Available from: 2022-08-25 Created: 2022-08-25 Last updated: 2024-01-10
    2. In Situ Lignin Sulfonation for Highly Conductive Wood/Polypyrrole Porous Composites
    Open this publication in new window or tab >>In Situ Lignin Sulfonation for Highly Conductive Wood/Polypyrrole Porous Composites
    Show others...
    2023 (English)In: Advanced Materials Interfaces, ISSN 2196-7350, Vol. 10, no 1, article id 2201597Article in journal (Refereed) Published
    Abstract [en]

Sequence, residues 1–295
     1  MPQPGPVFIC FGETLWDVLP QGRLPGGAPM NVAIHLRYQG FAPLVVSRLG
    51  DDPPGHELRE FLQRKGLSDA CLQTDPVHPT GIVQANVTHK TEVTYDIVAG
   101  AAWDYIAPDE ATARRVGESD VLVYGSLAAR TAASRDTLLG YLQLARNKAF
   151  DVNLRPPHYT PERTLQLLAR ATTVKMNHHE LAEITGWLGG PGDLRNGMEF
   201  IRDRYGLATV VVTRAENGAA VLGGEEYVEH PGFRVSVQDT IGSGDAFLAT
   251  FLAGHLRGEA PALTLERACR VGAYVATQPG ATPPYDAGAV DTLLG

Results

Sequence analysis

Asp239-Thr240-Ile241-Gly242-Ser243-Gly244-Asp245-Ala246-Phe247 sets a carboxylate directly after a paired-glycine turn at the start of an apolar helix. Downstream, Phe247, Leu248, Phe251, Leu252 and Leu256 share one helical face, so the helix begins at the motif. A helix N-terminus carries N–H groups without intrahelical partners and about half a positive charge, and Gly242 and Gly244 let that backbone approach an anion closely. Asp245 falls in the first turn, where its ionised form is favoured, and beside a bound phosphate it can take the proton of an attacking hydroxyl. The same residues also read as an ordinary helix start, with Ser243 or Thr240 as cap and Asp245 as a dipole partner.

To address the rising need of sustainable solutions in electronic devices, the development of electronically conductive composites based on lightweight but mechanically strong wood structures is highly desirable. Here, a facile approach for the fabrication of highly conductive wood/polypyrrole composites through top-down modification of native lignin followed by polymerization of pyrrole in wood cell wall. By sodium sulfite treatment under neutral condition, sulfonated wood veneers with increased porosity but well-preserved cell wall structure containing native lignin and lignosulfonates are obtained. The wood structure has a content of sulfonic groups up to 343 mu mol g(-1) owing to in situ sulfonated lignin which facilitates subsequent oxidative polymerization of pyrrole, achieving a weight gain of polypyrrole as high as 35 wt%. The lignosulfonates in the wood structure act as dopant and stabilizer for the synthesized polypyrrole. The composite reaches a high conductivity of 186 S m(-1) and a specific pseudocapacitance of 1.71 F cm(-2) at the current density of 8.0 mA cm(-2). These results indicate that tailoring the wood/polymer interface in the cell wall and activating the redox activity of native lignin by sulfonation are important strategies for the fabrication of porous and lightweight wood/conductive polymer composites with potential for sustainable energy applications.